Sep 2, 2022Liked by Sandra Coral

The liminality of this is so true - and applies to so many areas of our lives. I think that is such a large part of the anxiety and stress we live with: the precarity of "what if this is the time I get it wrong/they read me wrong?" And with so many of those instances already loaded up in/from our past, ready to play on a loop at the drop of a hat on particularly bad mental health days, another one becomes more and more costly. It sucks 😓🤔😮‍💨

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Sep 3, 2022·edited Sep 3, 2022Liked by Sandra Coral

I absolutely hear you. If we determine resilience-building by activities that exercise our different survival skills *without* wearing out our foundation(al resources), then uncertainty/liminality is at best an extremely small/high tolerance part of that. It absolutely cannot be a day to day, week to week, component of how we strengthen/nurture ourselves.

I think of it in strength training terms: there are (usually low to medium) weights you'll do the majority of your exercise repetitions on, and then there are (high) weights you'll do 1-2 repetitions on. That's because if you use the latter weights for the former repetitions, you *will* fail* sooner and harder, and possibly injure yourself or burn out (physically and, or, mentally). As a result you won't build endurance, and therein strength, as well, as quickly, or as sustainably as if you increase your weights steadily.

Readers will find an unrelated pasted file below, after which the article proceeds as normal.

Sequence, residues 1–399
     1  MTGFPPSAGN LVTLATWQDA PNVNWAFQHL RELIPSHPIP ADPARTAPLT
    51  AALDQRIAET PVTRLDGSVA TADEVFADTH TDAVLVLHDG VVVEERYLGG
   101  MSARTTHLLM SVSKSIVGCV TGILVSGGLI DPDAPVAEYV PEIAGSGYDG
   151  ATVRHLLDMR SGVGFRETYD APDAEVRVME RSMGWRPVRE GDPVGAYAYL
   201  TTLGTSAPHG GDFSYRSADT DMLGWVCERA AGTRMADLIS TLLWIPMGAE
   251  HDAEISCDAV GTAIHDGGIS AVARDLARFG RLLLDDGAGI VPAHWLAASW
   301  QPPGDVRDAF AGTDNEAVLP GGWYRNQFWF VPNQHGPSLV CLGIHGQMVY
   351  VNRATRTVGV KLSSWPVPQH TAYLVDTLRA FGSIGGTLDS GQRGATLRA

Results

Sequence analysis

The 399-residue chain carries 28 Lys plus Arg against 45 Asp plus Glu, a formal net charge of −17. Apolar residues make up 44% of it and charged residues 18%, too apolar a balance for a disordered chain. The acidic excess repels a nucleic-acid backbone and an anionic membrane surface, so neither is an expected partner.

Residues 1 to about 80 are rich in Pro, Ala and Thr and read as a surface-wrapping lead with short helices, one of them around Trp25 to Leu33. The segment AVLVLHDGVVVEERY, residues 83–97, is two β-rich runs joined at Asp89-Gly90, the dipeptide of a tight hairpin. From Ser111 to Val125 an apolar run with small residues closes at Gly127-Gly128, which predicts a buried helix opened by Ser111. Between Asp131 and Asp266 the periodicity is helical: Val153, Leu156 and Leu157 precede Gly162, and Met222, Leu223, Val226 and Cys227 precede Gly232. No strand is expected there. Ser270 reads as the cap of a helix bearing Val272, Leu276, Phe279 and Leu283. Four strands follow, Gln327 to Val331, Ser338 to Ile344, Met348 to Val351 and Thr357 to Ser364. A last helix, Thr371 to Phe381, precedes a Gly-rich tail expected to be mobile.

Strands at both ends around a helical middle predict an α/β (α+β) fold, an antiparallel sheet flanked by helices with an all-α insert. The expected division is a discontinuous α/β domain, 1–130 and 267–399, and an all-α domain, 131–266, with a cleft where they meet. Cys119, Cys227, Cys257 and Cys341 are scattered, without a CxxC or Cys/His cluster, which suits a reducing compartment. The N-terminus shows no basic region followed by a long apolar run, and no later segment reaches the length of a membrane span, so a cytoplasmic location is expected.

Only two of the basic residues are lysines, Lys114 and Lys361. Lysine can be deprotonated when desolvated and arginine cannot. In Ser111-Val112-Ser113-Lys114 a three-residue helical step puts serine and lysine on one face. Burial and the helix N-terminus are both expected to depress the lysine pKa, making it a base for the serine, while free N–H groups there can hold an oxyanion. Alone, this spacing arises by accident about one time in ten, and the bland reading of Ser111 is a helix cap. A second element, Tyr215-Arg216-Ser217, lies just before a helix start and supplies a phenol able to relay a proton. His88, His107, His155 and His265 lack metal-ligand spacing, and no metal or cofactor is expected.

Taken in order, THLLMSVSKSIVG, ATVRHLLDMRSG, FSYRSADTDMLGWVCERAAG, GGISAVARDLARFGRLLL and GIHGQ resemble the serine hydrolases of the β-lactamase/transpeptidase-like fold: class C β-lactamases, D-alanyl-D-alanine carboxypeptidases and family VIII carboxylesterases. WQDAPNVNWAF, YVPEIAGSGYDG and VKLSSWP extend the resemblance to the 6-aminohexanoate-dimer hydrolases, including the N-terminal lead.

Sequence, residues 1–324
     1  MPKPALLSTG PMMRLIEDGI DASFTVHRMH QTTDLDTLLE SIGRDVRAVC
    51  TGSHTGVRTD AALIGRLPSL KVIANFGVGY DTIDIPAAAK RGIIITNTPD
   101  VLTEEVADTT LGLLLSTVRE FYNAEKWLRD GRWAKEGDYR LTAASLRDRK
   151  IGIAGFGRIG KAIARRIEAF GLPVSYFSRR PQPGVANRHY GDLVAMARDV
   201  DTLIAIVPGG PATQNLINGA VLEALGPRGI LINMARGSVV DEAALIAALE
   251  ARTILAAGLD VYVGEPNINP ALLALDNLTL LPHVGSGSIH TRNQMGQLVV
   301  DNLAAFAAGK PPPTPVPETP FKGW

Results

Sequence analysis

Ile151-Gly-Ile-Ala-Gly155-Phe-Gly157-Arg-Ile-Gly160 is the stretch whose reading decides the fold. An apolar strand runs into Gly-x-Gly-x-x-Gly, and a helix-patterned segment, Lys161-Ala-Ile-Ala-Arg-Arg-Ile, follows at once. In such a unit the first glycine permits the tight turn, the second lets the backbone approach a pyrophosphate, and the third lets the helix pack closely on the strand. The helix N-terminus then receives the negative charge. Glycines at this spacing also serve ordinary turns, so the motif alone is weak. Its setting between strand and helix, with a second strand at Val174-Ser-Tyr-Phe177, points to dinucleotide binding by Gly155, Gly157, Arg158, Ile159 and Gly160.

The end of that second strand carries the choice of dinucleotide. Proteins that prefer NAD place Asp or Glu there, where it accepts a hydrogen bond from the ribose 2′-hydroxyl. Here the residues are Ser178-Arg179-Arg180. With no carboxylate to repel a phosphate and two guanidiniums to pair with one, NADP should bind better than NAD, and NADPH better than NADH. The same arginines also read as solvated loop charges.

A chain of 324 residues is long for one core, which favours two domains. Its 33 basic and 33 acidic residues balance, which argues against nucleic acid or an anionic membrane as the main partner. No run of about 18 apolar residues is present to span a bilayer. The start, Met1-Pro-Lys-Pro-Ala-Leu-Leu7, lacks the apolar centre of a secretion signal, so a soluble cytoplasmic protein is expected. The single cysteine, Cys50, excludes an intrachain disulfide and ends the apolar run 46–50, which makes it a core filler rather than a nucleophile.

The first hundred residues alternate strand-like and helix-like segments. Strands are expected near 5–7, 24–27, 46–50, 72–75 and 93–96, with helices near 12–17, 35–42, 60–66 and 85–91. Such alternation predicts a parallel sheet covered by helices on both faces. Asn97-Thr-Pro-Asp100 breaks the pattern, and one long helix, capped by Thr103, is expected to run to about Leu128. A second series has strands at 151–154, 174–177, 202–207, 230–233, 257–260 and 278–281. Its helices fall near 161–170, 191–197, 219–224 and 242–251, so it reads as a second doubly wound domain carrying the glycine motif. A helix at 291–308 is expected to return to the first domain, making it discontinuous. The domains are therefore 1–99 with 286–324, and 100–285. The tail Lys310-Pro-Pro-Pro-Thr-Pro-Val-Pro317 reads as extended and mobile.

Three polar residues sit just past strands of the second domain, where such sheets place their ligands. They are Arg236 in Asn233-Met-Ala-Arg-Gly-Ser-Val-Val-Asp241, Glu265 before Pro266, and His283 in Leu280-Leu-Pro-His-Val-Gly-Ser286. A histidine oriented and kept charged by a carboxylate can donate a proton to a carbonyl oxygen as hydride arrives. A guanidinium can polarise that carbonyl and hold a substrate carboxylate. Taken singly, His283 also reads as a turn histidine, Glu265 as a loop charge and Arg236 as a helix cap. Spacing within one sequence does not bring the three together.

I think the same can be said for the growth we speak of - and btw I think we do need. I just think how we go about it needs to be re-thought right? It certainly needs to be constructed and executed with ND people in mind - like anything we have and do in order to survive this hellscape of capitalism we call life.

Just as we frankenhack (a term Seth Perler uses I think) study, work, personal care, and other areas of our lives, so too will we need to take what's useful from the mainstream/NT ideas of resilience-building/growth and bend, solder, and fill in the gaps to be meaningful and robust for us.

*Fail in this context means to be physically unable to complete an exercise, and is a term used in different exercise regimens (e.g. exercise til fail).

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